Ferocious on the pitch, absolutely unrelenting at his opponents and utterly tireless in the outfield, Brett Lee was more than the fastest bowler on his day, a tag that maybe Shoaib Akhtar would so handily want to object to; Lee was a great gentleman off the pitch.
You almost get to know the conduct of a man by the way he treats his teammates and regards his adversaries. Given all the kind words that Brett Lee has gone on to lavish on most of the talents he played with or against, it could be said that, in some ways, he was much like Rahul Dravid, albeit in fast motion.
And that is when he is someone who claimed no fewer than 718 international wickets. During his time, Australia seemed an even more daunting opponent to face, and hence, seemed more dreadful than ever, given the fact that Lee offered extra force and power to a side that already had the likes of Glenn McGrath, Jason Gillespie, Andy Bichel, Nathan Bracken and Michael Kasprowicz.
When he bowled, he didn’t just bowl at rapid pace; Brett Lee oozed fire.
And some of that fire was reserved for the absolute guns with the bat- think Sanath Jayasuriya, think Brain Lara, Mohd. Younis, Saeed Anwar, Jacques Kallis, Kumar Sangakkara and not to forget, a certain Sachin Ramesh Tendulkar.
And in here rests the greatness of Sachin Tendulkar’s great Australian opponent.
At a time where the New South Wales born could so easily have turned cold or shown, at least, a hint of arrogance, having the envy-inspiring record of being the bowler to dismiss the great Tendulkar on the most occasions, he resorted to simplicity and had nothing but fan vibes for the great Indian batsman famously heralded as the “Master Blaster” of cricket.
In a recent media exchange, Brett Lee, who has been an avid participant in the famous Indian Premier League (currently in the business end of its leg), having starred for many an occasion for the Kolkata Knight Riders explained the famous occasion where, despite being an opposite number of Tendulkar, he almost walked down to the little master to (believe it or not) seek his autograph.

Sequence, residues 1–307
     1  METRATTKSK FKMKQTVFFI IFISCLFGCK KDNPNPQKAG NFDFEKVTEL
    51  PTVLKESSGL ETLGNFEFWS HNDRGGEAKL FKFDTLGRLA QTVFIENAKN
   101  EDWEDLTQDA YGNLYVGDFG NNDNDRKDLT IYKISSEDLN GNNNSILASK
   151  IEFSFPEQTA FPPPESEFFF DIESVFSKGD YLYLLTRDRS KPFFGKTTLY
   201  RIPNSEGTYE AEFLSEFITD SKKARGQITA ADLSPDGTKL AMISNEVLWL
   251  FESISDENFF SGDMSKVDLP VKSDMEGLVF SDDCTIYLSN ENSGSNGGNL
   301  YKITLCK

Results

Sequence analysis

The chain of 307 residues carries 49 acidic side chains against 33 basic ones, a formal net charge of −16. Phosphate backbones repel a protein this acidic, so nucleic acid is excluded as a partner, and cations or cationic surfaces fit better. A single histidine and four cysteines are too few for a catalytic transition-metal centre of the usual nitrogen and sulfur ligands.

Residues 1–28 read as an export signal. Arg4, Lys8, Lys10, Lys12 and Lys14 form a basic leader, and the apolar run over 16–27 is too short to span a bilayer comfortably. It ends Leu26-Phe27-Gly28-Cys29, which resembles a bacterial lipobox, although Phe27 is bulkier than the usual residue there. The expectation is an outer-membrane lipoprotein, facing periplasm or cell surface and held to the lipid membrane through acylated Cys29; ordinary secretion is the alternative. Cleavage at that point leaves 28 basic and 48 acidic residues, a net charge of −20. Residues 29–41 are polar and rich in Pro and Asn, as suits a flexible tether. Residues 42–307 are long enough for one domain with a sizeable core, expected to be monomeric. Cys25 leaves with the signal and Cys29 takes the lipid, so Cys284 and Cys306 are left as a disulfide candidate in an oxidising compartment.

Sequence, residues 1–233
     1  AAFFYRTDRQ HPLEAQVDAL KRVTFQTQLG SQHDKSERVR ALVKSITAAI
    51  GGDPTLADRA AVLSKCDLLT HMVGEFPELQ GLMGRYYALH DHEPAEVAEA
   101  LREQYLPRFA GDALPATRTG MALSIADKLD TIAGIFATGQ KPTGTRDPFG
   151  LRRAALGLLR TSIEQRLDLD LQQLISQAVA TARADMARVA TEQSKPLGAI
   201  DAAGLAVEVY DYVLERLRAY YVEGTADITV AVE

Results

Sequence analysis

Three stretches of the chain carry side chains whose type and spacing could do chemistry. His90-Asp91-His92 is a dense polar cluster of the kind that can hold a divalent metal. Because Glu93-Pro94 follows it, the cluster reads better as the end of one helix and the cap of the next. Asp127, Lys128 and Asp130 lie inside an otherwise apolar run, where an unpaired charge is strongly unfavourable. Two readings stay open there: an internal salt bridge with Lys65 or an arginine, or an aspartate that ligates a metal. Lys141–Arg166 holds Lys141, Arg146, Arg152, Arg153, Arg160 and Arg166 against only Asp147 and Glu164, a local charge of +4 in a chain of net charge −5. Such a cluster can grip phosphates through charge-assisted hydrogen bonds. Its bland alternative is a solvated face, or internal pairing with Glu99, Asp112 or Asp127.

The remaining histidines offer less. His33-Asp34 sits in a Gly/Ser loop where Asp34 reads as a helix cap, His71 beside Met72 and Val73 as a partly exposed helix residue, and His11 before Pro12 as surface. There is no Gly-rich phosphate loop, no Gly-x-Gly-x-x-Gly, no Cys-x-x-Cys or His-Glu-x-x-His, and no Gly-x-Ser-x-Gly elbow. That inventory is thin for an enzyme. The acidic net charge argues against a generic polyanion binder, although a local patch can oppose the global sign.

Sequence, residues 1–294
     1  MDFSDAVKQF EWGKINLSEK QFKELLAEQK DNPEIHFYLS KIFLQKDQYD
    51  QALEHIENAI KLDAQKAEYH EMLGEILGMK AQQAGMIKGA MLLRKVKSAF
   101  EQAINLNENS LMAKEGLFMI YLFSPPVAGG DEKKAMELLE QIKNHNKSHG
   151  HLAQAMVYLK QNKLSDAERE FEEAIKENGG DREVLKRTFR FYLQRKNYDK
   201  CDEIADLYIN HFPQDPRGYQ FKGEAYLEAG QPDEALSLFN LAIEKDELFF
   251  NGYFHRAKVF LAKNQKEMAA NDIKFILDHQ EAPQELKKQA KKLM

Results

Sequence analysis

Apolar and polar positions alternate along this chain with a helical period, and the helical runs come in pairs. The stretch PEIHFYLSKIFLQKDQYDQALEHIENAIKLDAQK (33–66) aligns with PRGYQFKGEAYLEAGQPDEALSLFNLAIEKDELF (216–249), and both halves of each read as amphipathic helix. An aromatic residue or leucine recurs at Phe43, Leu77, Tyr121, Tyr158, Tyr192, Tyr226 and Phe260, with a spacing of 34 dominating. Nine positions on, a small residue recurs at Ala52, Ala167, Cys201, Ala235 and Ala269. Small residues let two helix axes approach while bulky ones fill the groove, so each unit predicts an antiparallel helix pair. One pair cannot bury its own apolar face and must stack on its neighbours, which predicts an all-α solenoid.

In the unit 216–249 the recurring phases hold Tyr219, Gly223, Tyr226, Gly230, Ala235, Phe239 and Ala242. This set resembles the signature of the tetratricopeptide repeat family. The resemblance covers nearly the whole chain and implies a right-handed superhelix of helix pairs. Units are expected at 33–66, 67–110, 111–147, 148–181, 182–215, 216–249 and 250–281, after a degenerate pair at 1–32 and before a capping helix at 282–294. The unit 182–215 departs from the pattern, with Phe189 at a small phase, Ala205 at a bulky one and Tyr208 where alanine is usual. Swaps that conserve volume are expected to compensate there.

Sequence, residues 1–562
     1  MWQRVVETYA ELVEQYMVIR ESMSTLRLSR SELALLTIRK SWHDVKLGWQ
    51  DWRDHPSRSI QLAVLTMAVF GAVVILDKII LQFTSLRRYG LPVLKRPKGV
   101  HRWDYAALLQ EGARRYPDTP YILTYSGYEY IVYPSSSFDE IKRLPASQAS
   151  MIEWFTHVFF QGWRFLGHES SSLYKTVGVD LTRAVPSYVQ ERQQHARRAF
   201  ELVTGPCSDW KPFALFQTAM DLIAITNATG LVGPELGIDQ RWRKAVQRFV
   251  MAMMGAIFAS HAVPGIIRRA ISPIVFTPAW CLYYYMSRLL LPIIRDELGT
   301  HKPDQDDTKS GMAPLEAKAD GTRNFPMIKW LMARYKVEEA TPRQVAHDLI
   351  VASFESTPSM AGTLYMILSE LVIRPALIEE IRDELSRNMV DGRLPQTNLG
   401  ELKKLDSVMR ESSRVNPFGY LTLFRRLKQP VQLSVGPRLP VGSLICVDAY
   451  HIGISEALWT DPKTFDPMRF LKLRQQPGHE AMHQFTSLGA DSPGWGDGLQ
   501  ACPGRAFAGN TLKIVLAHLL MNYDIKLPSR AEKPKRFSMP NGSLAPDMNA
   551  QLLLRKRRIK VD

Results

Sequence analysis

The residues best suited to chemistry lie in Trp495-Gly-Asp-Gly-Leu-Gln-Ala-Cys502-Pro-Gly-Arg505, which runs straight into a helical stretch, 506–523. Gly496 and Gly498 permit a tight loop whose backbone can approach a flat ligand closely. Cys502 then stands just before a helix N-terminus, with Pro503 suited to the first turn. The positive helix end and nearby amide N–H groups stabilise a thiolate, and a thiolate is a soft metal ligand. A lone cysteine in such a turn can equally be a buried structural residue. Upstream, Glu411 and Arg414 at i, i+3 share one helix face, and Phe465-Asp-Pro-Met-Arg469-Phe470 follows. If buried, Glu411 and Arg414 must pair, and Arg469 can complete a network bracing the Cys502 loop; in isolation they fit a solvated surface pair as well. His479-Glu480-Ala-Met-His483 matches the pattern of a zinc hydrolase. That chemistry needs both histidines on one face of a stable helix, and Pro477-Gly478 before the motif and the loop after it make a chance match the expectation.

The following is what he told a leading Indian press publication and it’s something that might melt the heart of the most cold-hearted:
The first time I met Sachin Tendulkar was way back in 1999. We were in Canberra and I was playing for the Prime Minister’s XI against the touring Indian team. And of course, Sachin Tendulkar was in that game. He came out to bat and I realised I am bowling to the great Sachin Tendulkar. I actually wanted to get his autograph – I thought I’ll give him the ball and say ‘hey mate, could you please sign this?’ But then realised it wouldn’t look good for my first impression against the great Tendulkar.”
Interestingly, the 45-year-old didn’t just end there; he would go on to further add the following:
“Me as a young kid growing up watching him and here I am with the ball in hand thinking how am I going to get this guy out. I managed to nick him off. We shook hands at the end of the game and I was in absolute awe of this wonderful man.”